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China holds itself in a coveted position as a potential land of opportunity for the vast majority of retail FX firms across the globe, a dynamic that has increased substantially as the entire FX industry has shifted its attention away from Western markets and onto the lands of opportunity in the Far East.
Although tremendous effort has been made by many firms to attract clients from mainland China, with a considerable degree of success in many cases, accessibility to conducting business in China is restricted immensely by the communist government’s disdain for the free market, and the resultant barriers to onboarding Chinese clients that are associated with such government control.
Despite some small signs of economic liberalization having appeared over recent months, the state owned Peoples Bank of China (PBOC) has stuck firmly to its mandate of keeping Chinese business in China.
On Saturday, however, a further development toward progress was made, with the PBOC’s governor Zhou Xiaochuan having stated to his international counterparts that the “increasing flexibility” of the country’s exchange rate will be “further improved” along with market-oriented interest rate policy.
According to a report by Deutsche Borse-owned news source MNI, Mr.Zhou’s statement to the International Monetary and Financial Committee, the group of that guides IMF policy, paralleled the committee’s communique in its assessment of an uneven global recovery with continuing downside risks. In describing his own country’s policies, he repeated that growth, that has been running at a 7.4% annual rate, will continue to be “steady.”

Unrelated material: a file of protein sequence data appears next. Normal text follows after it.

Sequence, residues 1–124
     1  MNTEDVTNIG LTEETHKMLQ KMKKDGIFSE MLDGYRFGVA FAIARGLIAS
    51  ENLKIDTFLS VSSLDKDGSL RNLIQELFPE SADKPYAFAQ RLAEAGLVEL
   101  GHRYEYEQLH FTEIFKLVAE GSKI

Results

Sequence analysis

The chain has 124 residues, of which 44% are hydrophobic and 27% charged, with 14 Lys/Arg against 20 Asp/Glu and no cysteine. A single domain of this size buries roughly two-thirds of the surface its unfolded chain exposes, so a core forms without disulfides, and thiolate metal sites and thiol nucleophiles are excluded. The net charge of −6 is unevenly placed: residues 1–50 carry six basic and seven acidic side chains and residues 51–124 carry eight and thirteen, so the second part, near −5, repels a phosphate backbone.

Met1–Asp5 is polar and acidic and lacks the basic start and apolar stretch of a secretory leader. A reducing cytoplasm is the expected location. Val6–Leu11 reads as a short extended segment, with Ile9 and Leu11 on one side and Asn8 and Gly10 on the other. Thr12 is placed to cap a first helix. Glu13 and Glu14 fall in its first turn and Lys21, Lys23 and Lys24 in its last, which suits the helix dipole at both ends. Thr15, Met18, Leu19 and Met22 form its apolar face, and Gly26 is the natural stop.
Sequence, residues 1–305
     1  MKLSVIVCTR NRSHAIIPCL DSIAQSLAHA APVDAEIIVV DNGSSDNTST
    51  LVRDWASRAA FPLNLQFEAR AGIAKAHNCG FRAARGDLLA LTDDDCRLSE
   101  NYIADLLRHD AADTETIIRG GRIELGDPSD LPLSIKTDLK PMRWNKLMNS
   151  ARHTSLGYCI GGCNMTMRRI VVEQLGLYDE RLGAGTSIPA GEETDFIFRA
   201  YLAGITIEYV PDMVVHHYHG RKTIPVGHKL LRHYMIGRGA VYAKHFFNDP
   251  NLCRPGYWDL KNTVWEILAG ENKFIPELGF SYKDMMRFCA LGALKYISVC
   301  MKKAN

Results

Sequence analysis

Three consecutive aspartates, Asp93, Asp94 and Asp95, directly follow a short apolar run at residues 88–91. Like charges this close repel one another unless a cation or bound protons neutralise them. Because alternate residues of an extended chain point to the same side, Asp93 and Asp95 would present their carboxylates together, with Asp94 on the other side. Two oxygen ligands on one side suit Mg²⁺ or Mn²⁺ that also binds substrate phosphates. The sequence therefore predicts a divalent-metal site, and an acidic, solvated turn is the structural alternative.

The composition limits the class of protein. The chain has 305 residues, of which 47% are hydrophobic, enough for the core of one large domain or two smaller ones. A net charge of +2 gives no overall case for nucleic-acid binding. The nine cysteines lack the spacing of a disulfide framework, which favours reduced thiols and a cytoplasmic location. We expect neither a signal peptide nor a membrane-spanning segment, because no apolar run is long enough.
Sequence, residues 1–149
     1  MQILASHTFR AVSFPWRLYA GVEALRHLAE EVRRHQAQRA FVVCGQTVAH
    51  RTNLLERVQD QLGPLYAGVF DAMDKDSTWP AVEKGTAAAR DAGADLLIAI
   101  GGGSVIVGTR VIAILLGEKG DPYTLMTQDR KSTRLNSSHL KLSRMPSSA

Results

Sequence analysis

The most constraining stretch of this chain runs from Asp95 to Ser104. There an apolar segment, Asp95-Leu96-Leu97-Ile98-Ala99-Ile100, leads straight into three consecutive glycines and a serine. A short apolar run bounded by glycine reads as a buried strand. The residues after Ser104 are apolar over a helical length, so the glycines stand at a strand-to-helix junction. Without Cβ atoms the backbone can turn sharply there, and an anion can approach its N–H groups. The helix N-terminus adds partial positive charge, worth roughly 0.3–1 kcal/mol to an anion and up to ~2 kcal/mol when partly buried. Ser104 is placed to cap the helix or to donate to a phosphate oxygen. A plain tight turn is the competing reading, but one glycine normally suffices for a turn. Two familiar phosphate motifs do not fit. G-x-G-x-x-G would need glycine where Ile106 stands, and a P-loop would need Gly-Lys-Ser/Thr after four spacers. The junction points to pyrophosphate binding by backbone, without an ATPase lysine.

On the reforms of most interest to the rest of the global economy, including the United States, he recounted the explicit pledges on currency and rate liberalization the observance of which has attracted as much criticism for shortfalls as praise for ultimate goals.
“Structural adjustments and reforms will be pushed forward,” Zhou said. “Market-based interest rate reform will continue, so as to improve the efficiency of financial resources and improve the monetary policy framework.”
The renminbi exchange rate regime, he said, “will be further improved, while the pace of capital account convertibility will be steadily promoted.”
Mr. Zhou further asserted that China is instituting government bank deposit insurance “in due course,” and reforms of “state-owned enterprises will continue.”
“By striking a fine balance in promoting reforms and structural adjustments, on one hand, and supporting growth stability, on the other, the Chinese economy will continue to contribute to international monetary stability,” he said.
At the conclusion of the day’s IMFC meeting, answering a question about China, IMF Managing Director Christine Lagarde said the internationalization of China’s currency is making “real progress,” and she said she is “comforted by their determination to implement a massive set of reforms in all areas.”
Looking to the future, and acknowledging the amount of progress still to be accomplished, she said, “We look forward to that implementation taking place.”
Currently, FX companies around the world rely extensively on introducing brokers and representatives within China to provide a supply chain of business, which in many cases has proven very lucrative. With the PBOC and Chinese government looking toward a degree of participation in the global economies, China is well positioned to be a veritable gold mine for FX companies. In December this year, the FXIC business to business FX conference will be held at the Waldorf Astoria Shanghai on a Bund which will provide a valuable opportunity for international FX executives to meet with potential Chinese partners in order to drive their business forward.